Ah, the mythical Ampera e, that reportedly saw some limited deliveries in a few European countries… Not that it matters, considering that at the price they are asking for it over here, it’s now completely uninteresting compared to say a Kona; and will be even less so once the 60 kW Leaf (and the Model 3) become available…

I still haven’t seen one of those in real life. They simply can’t be bought in Europe.

I obviously have not checked everywhere, but on the Opel Swiss website they are for sale at a not unreasonable price. CHF 52,700 for presumably a fully-loaded Ampera – E. (Not the stripped models we have in the States).

And one of the commenters here is Swiss who enjoys his Ampera-e.

The battery pack alone, of course, won’t make up for the lack of B-pillar. The roof structure has to be engineered to deal with side impact and rollover as well. The pack can help a lot, though.

Concept cars always have goofy doors so the interior is better visible in pictures. The doors rarely make it to production.

Not the first or last car to be designed without a B-Pillar, nothing new would just check the crash test should it ever get built.

“Its mission is to find a way forward as the automotive landscape turns electric.” Are these companies seriously retarded? Do they have their head so far in the sand they can’t comprehend anything? Is the delaying tactic so entrenched it prevents them actually doing anything? Hello! Tesla Model 3 (in fact every Tesla model) already shows the way forward. If they can’t see that then I hope they go out of business. Concepts are great, they should show what the future might be like. But when the future is already here then these concepts lose their impact. We are at the phase where we don’t need this sort of concept, at least not voiced in this way, what we need now are the production intent EV’s, the ones that we expect to buy in a year. Not 5yrs, not 3yrs, not 2yrs, they need to be next year. The knowledge has been there for 10yrs. The change has begun and picks up speed. The prices are at the point where it makes sense for a good lot of people (and if you don’t believe that, then how to explain 120,000 Model 3 deliveries of the most expensive version?). Concepts are… Read more »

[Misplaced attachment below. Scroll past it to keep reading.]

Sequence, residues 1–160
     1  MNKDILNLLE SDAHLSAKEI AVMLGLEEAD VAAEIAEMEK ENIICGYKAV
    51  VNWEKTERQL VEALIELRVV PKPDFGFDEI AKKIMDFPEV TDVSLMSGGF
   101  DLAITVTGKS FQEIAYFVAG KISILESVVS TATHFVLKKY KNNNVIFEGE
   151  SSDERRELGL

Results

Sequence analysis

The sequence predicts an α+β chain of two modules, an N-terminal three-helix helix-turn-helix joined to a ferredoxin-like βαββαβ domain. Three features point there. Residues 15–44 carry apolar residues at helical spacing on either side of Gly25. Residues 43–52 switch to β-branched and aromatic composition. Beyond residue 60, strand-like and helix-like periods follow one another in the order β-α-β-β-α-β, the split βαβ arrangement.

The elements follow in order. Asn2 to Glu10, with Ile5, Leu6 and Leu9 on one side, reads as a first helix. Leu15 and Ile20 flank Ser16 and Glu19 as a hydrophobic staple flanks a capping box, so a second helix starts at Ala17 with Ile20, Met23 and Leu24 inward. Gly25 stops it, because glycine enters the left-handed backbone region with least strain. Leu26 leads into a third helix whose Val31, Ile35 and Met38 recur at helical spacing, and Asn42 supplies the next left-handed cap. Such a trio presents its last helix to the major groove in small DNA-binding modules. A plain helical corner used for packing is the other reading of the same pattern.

The Opel/Vauxhall brand was betting their EV future on GM’s offerings; so after they got sold off, they were left with ZERO EV in the works. Bringing a car to production takes about five years. It is *absolutely impossible* for them to present production intent EVs to come next year — these are years away, no matter how hard they try. In the meantime, they are trying to tide people over with concepts. No surprise here at all, and no amount of complaining will change it.

They will start to sell an EV model next year. GM owned Opel and did not give them enough funds to develop their own EV tech. Next year, they will sell a PSA designed EV.

Vauxhall never wanted the Ampera, a derivative of the US Volt yet after six years it is still the only sensibly designed 100% electric drive hybrid with a battery range way further than any other which allows 100% electric commuting even in winter in a car that has an unlimited range on petrol.

I still think they should make the Opel GT coupe as an EV.

All Vauxhall and Opel obviously needed to do was sell the GM Bolt in Europe/Britain – and sell it as the Bolt not the Ampera-e.
The rest is just yet more fill-the-void, procrastination that consumers don’t want, don’t need and have never requested.
Paul G

50kwh suggests that this may likely be based on the DS3 Cross E-Tense.